IAFC Supports Active Involvement with Emergency Management; Promoting Prevention, Mitigation, Preparedness, and Effective Response for a Reduced Community Impact and to Minimize Recovery Costs
Natural events such as earthquakes, floods, hurricanes and landslides, as well as technological and human-caused disasters have claimed thousands of lives and caused billions of dollars in losses over the last twenty years. The acts of terrorism have clearly shown the need for an integrated approach between the fire service emergency managers and federal agencies. The IAFC recommends that local governmental agencies follow the federal government lead by using the Integrated Emergency Management System (IEMS) to plan for disaster circumstances that may occur within a jurisdiction. IEMS highlights the importance of Prevention, Mitigation, Preparedness, Response and Recovery as the primary operational components of a managed disaster. The IAFC believes that the federal government should apply more support to local fire service agencies to improve local efforts to increase the strength of the Integrated Emergency Management System in their communities.
Prevention and Mitigation: The IAFC believes the federal government should provide the necessary support to strengthen the prevention and mitigation efforts to reduce the effects of a disaster in local communities. The fire service mission has expanded to manage and apply more risk reduction in local communities. Aggressive planning and implementation of prevention and mitigation measures would reduce the life safety impacts of disasters. Mitigations such as seismic bracing, storm warning systems, emergency control systems, and other planned methods would reduce the damage and effect of a disaster for each local community. The federal government should fund local fire service concerns for fire, rescue, hazardous materials and emergency medical readiness and implement mitigation actions that would reduce the effects of the disaster threat.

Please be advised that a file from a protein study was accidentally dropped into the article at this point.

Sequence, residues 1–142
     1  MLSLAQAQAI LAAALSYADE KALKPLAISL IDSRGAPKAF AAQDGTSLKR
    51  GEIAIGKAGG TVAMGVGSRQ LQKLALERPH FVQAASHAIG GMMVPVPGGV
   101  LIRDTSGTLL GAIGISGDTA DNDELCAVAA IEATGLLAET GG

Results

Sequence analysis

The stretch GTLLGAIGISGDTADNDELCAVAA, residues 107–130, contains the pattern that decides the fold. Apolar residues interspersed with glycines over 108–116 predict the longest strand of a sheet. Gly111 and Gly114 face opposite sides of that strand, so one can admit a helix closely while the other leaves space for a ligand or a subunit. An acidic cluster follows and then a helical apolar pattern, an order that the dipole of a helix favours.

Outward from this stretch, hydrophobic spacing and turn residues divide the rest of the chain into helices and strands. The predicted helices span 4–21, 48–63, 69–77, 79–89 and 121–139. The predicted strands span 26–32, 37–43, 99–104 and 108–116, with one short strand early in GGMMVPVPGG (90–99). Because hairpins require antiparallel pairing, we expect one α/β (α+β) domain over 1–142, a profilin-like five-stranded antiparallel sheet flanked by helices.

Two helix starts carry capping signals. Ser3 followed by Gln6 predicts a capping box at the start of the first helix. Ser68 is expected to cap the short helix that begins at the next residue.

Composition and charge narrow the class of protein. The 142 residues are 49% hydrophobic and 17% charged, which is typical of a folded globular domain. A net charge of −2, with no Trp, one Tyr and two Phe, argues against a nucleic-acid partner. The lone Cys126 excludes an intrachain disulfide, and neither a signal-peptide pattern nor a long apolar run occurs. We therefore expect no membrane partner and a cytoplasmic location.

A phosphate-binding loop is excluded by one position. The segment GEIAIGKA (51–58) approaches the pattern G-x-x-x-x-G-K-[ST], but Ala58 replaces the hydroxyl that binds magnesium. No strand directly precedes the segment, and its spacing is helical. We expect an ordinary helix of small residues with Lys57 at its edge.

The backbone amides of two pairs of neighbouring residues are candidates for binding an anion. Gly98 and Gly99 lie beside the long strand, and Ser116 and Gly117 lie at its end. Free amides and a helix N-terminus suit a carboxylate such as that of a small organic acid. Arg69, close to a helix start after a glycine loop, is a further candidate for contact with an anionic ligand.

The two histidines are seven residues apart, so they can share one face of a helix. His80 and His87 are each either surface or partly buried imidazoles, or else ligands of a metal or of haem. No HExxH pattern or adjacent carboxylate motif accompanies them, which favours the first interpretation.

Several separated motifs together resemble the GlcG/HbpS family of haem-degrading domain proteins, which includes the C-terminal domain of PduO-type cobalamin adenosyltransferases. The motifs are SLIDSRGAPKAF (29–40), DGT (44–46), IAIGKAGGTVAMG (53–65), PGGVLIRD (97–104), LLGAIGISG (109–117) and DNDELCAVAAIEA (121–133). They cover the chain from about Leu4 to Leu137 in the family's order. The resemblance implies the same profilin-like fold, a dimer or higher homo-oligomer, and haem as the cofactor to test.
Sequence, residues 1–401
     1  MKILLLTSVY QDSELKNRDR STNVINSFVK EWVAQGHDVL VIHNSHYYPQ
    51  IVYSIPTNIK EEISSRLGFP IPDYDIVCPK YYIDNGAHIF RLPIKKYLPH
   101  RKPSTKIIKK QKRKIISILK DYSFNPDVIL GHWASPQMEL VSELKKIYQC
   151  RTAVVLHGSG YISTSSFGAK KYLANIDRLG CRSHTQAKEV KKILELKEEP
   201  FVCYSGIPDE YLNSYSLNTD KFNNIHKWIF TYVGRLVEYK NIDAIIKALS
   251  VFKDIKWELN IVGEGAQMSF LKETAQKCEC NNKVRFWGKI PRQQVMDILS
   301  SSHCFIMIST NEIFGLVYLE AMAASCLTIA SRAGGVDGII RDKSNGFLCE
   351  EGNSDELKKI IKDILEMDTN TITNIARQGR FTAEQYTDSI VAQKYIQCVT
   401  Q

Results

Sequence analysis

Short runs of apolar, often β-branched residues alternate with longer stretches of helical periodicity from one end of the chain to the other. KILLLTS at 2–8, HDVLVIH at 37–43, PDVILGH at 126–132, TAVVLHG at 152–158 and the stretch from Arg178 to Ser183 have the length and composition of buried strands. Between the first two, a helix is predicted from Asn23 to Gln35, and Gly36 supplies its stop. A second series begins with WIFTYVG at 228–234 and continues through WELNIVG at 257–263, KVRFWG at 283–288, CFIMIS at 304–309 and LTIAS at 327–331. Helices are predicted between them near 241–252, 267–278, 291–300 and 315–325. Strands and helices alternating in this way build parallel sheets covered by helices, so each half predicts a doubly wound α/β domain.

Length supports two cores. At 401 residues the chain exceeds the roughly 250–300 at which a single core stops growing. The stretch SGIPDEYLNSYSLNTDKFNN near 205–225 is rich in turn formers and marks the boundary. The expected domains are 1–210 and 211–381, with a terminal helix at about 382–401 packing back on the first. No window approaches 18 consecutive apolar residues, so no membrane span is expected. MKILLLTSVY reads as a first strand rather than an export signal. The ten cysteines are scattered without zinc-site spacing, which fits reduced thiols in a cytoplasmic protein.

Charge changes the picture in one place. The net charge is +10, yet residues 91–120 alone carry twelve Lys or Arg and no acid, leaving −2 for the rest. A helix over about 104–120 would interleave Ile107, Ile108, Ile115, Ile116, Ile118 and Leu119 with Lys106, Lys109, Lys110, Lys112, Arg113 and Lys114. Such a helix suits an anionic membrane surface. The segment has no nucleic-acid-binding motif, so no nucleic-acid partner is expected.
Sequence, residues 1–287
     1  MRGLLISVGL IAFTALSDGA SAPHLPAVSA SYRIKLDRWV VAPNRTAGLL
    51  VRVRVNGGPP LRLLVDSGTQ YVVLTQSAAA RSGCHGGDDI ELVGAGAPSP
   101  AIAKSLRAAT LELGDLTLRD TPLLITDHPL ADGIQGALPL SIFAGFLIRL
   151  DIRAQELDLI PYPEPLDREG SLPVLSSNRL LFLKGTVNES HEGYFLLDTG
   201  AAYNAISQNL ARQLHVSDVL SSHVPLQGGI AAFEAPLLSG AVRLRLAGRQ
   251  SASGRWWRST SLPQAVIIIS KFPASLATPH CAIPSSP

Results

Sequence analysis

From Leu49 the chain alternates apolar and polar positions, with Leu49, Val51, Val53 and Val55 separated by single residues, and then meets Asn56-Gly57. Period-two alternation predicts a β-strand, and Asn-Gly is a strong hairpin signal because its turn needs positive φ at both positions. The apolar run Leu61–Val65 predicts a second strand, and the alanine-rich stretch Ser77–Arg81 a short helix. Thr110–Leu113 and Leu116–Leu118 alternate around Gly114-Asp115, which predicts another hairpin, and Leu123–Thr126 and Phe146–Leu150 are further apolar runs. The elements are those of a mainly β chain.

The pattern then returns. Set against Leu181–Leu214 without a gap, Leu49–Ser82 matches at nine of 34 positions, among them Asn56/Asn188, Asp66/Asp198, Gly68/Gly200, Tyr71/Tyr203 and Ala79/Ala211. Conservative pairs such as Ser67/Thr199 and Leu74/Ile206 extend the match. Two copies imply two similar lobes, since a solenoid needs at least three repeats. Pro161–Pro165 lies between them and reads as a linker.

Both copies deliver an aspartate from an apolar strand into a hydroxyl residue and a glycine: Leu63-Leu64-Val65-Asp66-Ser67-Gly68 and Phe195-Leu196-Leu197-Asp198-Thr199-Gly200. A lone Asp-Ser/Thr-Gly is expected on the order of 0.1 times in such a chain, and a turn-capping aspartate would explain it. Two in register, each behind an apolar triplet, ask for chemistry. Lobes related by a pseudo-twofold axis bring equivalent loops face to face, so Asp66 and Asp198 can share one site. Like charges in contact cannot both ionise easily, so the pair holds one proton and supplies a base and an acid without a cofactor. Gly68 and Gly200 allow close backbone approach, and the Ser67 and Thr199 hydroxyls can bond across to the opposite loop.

Preparedness and Response: The IAFC recognizes that local fire departments are the first responders to the national or human-caused catastrophic events. The immediate effects of any natural disaster or human caused catastrophe will challenge the local public safety forces beyond their capacity to address the many life-saving challenges that exist. It is obvious that the results of terrorism and the deadly effects of terrorist actions can devastate a community and injure and kill many innocent people. The IAFC believes it is the responsibility of the federal government to fund local fire service preparedness and response capabilities so that they can manage the first hours of a response, prior to arrival of state and federal support. Federal funding considerations should include response equipment, training and support for a standardized fire service staffing plan. This provision of federal resources would enable the local fire service agencies, as first responders, to act in a safe and timely manner to minimize injuries, loss of life and damage to property.
Recovery: The recovery actions that follow a disaster require a tremendous amount of resources and personnel to restore the community to a normal condition. The logistics and management systems necessary to effectively restore a community after a disaster are often underestimated in the pre-disaster planning phase. The fire service is a key component to the community restoration. The national fire service response to a major local disaster should be coordinated for a more effective recovery management effort. The IAFC supports more federal funding for the development of more effective and efficient methods of managing recovery actions that follow a major local disaster.
SUBMITTED BY: IAFC Policy Task Force
ADOPTED BY: IAFC Board of Directors, January 2002